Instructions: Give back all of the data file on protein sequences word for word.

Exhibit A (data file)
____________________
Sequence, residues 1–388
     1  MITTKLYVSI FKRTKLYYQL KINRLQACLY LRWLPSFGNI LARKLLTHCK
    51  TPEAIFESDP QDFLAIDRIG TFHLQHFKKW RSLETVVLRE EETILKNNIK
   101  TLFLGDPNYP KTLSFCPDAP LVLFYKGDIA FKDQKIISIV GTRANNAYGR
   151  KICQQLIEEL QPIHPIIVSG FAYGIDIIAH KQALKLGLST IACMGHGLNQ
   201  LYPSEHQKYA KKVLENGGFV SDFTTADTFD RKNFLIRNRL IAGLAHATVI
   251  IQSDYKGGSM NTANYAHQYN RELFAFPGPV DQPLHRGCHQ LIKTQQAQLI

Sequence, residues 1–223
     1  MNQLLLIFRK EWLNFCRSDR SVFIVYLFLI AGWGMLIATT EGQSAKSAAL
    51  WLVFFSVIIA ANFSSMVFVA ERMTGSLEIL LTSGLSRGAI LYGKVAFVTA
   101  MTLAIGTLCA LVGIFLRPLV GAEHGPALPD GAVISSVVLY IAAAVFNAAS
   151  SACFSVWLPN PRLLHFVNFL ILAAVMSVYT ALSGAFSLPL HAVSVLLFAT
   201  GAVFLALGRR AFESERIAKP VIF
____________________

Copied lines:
Sequence, residues 1–388
     1  MITTKLYVSI FKRTKLYYQL KINRLQACLY LRWLPSFGNI LARKLLTHCK
    51  TPEAIFESDP QDFLAIDRIG TFHLQHFKKW RSLETVVLRE EETILKNNIK
   101  TLFLGDPNYP KTLSFCPDAP LVLFYKGDIA FKDQKIISIV GTRANNAYGR
   151  KICQQLIEEL QPIHPIIVSG FAYGIDIIAH KQALKLGLST IACMGHGLNQ
   201  LYPSEHQKYA KKVLENGGFV SDFTTADTFD RKNFLIRNRL IAGLAHATVI
   251  IQSDYKGGSM NTANYAHQYN RELFAFPGPV DQPLHRGCHQ LIKTQQAQLI

Sequence, residues 1–223
     1  MNQLLLIFRK EWLNFCRSDR SVFIVYLFLI AGWGMLIATT EGQSAKSAAL
    51  WLVFFSVIIA ANFSSMVFVA ERMTGSLEIL LTSGLSRGAI LYGKVAFVTA
   101  MTLAIGTLCA LVGIFLRPLV GAEHGPALPD GAVISSVVLY IAAAVFNAAS
   151  SACFSVWLPN PRLLHFVNFL ILAAVMSVYT ALSGAFSLPL HAVSVLLFAT
   201  GAVFLALGRR AFESERIAKP VIF